HC: Divorce given to NRI by Dubai court invalid here

Published on Aug 21 2017 - - NRI - -

MUMBAI: Divorce given by a Dubai court to an NRI man against his wife who has moved back to Mumbai was not valid and could not be enforced in India, ruled the Bombay high court.
Striking down a Bandra family court’s order dismissing the Worli woman’s plea for divorce and maintenance for the couple’s two children, a division bench of Justice Abhay Oka and Justice Anuja Prabhudessai said, “It is not in dispute that (the woman and her husband) are Indian nationals and Hindus by birth and are governed by provisions of the Hindu Marriage Act. Consequently, the divorce petition filed by the woman before the family court could not have been dismissed on the basis of the Dubai court judgment, which is not binding and enforceable in India.”
The family court had cited the 2012 order of the Dubai court granting divorce to the man on the grounds of desertion.

The couple had got married in 2000 in Coimbatore as per Hindu vedic rites and then registered the marriage in Mumbai. They later moved to Dubai, where they had a son in 2001 and a daughter in 2008. Soon after the birth of their daughter, the woman returned to Mumbai with the children and lived in Worli. In 2014, she filed a petition for divorce and maintenance for her children before the family court. The man furnished a divorce order obtained from the Dubai court to counter her application. In 2016, the family court dismissed the woman’s plea, following which she approached the high court.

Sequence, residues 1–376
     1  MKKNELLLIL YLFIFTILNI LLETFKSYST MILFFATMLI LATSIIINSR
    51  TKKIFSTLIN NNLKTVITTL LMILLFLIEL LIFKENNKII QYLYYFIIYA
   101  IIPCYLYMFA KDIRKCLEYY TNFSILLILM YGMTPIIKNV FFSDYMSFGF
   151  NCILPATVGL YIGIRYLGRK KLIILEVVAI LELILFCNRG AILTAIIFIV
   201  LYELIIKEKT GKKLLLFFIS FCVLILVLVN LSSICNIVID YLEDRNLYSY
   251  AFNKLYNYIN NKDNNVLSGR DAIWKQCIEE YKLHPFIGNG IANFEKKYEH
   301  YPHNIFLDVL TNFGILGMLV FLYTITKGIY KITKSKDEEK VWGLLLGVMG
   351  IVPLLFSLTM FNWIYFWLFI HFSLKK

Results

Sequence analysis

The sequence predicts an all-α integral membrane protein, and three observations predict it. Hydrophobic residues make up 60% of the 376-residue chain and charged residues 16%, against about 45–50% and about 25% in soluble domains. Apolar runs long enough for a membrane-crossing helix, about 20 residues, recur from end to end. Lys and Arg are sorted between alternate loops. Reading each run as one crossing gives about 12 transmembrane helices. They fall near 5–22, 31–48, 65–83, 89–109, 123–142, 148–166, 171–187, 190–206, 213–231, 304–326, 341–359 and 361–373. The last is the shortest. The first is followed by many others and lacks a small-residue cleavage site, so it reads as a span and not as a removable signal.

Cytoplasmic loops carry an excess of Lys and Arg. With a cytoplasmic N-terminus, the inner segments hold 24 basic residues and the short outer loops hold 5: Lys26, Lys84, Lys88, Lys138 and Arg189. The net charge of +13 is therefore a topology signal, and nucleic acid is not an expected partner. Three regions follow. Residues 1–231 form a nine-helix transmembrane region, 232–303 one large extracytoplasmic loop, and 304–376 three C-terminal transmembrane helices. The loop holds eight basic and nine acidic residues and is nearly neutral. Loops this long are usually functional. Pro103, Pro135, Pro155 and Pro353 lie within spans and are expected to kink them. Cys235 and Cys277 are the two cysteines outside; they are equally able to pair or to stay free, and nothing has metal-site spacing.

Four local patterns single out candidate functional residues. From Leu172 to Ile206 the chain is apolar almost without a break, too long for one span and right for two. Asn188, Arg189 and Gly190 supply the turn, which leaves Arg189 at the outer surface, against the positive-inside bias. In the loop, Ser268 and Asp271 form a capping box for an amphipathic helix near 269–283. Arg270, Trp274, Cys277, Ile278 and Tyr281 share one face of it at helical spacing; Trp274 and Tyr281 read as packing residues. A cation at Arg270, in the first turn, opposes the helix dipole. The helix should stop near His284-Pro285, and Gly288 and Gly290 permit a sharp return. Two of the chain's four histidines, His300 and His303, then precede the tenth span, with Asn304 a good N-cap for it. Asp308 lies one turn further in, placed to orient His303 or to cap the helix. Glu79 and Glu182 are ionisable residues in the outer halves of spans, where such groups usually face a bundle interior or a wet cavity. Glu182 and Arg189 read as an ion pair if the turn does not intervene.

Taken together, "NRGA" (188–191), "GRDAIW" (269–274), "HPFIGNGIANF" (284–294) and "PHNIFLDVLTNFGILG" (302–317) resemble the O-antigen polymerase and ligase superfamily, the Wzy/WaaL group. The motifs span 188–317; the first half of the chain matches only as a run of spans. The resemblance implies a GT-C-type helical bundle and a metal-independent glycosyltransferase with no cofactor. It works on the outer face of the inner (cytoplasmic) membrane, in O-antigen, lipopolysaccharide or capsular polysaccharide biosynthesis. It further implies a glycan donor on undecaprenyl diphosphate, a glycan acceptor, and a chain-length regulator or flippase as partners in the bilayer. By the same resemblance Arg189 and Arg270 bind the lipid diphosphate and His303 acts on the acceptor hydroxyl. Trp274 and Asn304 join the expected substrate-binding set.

The HC held that the Dubai court would have no jurisdiction to entertain the petition in accordance with provisions of the Hindu Marriage Act, unless it met the three exceptions carved out by the Supreme Court—in a matrimonial case involving Indians, if the spouse against whom the petition had been filed consents to have the case decided by the foreign court; or submits to the jursidiction; or when the person is domiciled or permanently resides there.

The high court said, in this case, the wife had not consented or submitted to the jurisdiction of the Dubai court. The bench further pointed out to the documents filed by the man before the Dubai court and said that nowhere was it mentioned that she was a resident of Dubai or had domicile. Neither had an averment been made that the wife had abandoned her Indian domicile. The husband too had not claimed he had made Dubai his permanent abode, said the court.
“Both are Indians and in the absence of the averments as well as material to endorse the claim of being domicile of Dubai, the presumption under (that the foreign court had jurisdiction) stands dislodged,” said the judges, while ruling that the Dubai court order was neither conclusive nor binding. “The Dubai court has not considered the aspect of intention to desert and has granted divorce solely on the grounds that the parties were living separately for more than two years. It is evident that the Dubai court had not considered the real controversy and hence, it can’t be said to be a judgment on merits of the case,” the HC said

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